Urban Sketching Disappearing Landmarks in Toronto

Urban Sketching Disappearing Landmarks in Toronto Book on Amazon Urban Sketchers

Toronto is said to be one of Canada’s fastest growing cities. Consequently, you’ll see a lot of construction year round in the city. Old small buildings are being replaced by new tall buildings in every corners of the city. I’ve only been living in Toronto for a little over two years, and already many areas don’t look the same as they did only two years ago. This growth often comes at the expense of the architectural history of the city often to the sadness of long time residents who have a history with some of these buildings. This gave  the Toronto Urban Sketchers the idea of creating a book capturing some of the landmarks of the city before they disappear, as a way to commemorate them in a creative way. So over the past couple months, we gathered around places like Honest Ed’s, the Cookbook Store, Captain John’s Restaurant Boat and more, to capture their portrait while we still had time.

21 sketchers collaborated in putting together our first book : Urban Sketching Disappearing Landmarks in Toronto. We self published the book. Towards the end of 2015, I got invited by CBC Radio to talk about the book. The interview inspired me to create a little video montage of our journey thus far.  It’s a great little memento that you can see below. 

If you’re interested in purchasing the book, it is currently available on Amazon. I’m looking into the possibility of having the book available in local bookstores and libraries. It’s a first for me so we’ll see how that goes. But it was a great experience for myself and for the group and we’ll probably try to create another one this year.

Becoming a YouTuber

As some of you already know, I recently started a YouTube channel called Toronto Real. It was not in my plans. It was one of these surprise opportunities that essentially fell on my lap and I decided to just go for it. So now I'm also a YouTuber, albeit a very novice YouTuber at the moment. Here's the story behind how it all started. 

Over the past couple years, I've replaced watching television with listening to podcasts and watching YouTube videos. I think the seed of the idea of me starting my own podcast was planted when a guest on the Joe Rogan Experience, named Brian Rose and his then co-host Nic Gabriel, talked about the London Real podcast. They seemed like nice guys. Brian said something about how everyone should start their own version of London Real in their city and I thought it was a neat idea but that was about it. Fast forward a couple months later, I was redirected to the London Real podcast and started to pay more attention, especially when Dan Peña came along and invited Brian to his QLA Seminar in Scotland. Shortly after that, the London Real Academy was launched, and then I heard the call : "Build the best you". As soon as I got an invite to join, I signed up.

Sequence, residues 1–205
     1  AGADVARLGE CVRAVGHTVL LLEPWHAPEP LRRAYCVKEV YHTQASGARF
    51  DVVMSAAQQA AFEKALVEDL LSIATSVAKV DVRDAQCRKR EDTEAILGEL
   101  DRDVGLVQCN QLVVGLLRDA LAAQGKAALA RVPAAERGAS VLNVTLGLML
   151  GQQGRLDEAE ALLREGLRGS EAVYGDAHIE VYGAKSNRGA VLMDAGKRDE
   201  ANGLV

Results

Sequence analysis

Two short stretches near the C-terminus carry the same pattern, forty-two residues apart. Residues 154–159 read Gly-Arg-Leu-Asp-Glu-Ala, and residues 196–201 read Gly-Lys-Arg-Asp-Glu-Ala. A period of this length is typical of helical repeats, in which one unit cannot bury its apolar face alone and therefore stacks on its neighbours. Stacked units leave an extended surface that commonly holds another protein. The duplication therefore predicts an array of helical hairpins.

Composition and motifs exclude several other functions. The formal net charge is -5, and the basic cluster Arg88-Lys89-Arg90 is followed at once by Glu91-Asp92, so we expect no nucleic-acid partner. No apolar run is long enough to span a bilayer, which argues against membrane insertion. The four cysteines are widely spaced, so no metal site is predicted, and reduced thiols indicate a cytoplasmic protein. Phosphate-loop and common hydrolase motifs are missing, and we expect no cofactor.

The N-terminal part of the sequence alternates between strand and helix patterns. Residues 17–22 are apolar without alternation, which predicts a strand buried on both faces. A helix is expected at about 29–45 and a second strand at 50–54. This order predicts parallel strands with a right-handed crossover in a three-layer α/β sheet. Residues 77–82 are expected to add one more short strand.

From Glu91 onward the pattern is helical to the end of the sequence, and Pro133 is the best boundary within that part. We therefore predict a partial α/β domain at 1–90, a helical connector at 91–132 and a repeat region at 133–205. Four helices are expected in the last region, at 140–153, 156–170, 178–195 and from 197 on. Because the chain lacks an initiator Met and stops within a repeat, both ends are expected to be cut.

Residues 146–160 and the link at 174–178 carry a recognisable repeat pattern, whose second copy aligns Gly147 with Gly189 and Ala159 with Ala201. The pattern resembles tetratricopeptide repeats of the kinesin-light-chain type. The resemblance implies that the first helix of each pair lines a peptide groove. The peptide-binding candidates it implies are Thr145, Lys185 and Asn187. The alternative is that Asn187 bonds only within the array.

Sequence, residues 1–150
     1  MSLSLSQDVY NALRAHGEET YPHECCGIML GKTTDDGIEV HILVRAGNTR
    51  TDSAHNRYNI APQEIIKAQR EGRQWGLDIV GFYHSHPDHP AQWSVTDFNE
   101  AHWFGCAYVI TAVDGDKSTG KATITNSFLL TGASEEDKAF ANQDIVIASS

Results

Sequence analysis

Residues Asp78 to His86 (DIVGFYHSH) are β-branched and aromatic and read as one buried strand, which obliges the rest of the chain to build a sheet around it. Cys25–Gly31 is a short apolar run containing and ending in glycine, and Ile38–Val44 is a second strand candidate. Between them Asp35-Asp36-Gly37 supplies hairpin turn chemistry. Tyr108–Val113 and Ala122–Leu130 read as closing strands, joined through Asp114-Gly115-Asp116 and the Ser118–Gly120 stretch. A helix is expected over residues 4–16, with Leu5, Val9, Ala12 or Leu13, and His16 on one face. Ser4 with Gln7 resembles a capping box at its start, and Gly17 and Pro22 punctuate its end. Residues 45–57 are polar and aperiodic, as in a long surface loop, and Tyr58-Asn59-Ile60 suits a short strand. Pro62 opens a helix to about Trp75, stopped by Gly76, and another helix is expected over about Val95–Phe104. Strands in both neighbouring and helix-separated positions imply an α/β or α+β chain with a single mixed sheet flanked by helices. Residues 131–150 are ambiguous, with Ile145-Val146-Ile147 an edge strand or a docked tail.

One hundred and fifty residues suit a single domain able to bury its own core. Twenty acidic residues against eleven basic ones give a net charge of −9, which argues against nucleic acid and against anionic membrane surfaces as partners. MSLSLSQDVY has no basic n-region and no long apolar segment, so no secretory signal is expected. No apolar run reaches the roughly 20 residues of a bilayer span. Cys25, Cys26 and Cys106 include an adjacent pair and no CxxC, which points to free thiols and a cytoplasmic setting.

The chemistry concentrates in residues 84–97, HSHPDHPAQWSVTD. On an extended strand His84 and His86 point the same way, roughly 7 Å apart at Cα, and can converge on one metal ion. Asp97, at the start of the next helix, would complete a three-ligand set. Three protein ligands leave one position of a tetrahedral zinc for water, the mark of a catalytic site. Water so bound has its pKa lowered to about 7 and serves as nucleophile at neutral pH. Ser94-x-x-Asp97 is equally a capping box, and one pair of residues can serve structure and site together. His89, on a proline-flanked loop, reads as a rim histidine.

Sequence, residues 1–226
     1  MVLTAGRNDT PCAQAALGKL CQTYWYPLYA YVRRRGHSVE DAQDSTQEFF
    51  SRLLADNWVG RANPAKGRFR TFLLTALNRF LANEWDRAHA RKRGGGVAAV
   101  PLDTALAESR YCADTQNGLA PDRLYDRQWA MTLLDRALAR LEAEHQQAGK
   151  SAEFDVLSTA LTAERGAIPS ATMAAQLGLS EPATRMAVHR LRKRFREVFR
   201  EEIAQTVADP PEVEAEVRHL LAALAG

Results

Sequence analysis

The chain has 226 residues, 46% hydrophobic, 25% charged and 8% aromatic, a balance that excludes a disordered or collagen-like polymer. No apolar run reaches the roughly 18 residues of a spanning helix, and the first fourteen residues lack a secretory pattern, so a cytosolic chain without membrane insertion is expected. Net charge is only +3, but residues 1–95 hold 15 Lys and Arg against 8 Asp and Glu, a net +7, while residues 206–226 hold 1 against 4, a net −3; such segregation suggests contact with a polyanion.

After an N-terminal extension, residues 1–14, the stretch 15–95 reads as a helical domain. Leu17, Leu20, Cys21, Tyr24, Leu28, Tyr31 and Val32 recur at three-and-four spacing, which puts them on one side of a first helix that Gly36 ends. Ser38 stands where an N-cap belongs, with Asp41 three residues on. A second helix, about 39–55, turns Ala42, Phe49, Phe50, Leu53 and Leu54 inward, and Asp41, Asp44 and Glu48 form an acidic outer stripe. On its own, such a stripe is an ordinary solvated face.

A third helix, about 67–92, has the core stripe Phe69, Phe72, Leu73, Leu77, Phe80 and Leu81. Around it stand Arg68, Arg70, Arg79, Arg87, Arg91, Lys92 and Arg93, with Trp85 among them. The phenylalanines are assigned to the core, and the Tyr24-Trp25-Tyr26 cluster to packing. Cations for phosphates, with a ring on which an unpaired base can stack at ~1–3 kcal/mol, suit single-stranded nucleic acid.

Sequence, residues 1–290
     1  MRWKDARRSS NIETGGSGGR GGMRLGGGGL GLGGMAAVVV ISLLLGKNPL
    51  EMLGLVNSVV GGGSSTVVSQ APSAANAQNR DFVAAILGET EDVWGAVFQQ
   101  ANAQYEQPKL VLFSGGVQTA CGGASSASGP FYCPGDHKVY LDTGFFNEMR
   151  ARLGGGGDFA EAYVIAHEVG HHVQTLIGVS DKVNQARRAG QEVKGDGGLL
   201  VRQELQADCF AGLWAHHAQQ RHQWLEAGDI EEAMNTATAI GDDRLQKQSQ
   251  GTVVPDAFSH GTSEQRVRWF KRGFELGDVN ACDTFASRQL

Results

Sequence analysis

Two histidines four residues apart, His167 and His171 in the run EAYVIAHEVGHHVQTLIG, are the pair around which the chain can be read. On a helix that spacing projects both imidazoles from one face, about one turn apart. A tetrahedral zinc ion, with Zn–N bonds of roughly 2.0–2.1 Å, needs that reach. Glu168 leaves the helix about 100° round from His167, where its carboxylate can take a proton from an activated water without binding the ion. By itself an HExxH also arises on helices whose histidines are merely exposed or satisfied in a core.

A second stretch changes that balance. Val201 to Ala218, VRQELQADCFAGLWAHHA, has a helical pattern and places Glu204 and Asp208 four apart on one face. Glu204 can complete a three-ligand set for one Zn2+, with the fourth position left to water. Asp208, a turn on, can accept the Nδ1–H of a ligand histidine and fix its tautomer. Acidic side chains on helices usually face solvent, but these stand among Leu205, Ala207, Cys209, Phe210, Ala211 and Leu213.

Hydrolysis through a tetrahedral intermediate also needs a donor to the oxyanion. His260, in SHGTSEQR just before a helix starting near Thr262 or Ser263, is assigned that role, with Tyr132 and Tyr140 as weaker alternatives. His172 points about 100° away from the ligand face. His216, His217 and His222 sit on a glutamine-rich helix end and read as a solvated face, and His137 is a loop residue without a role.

This reminds me of a lesson I learned watching Alex Ikonn’s YouTube channel where he was explaining that people don’t buy things because of the things themselves but because of what they believe the thing will do for them. He compared it to the video game Super Mario where Mario collects magic mushrooms to become more efficient in his quest. A good business is a magic mushroom maker in a world of Super Marios looking for ways to improved themselves in their personal journey. It made sense to me. And now, thinking back about why I decided to click “buy” and join the Academy is because Brian was essentially offering one of the "magic mushrooms" I was looking for : Build the best you. Keep in mind however that it is not a quick fix. There’s work to do. A lot of work. Once Mario gets stronger after eating the mushroom, he still has to run around to various places, step on turtles, climb lathers, avoid and fight monsters to get to the princess. In my case, I still have to work but I have a better map and I get to pick up extra tools along the way.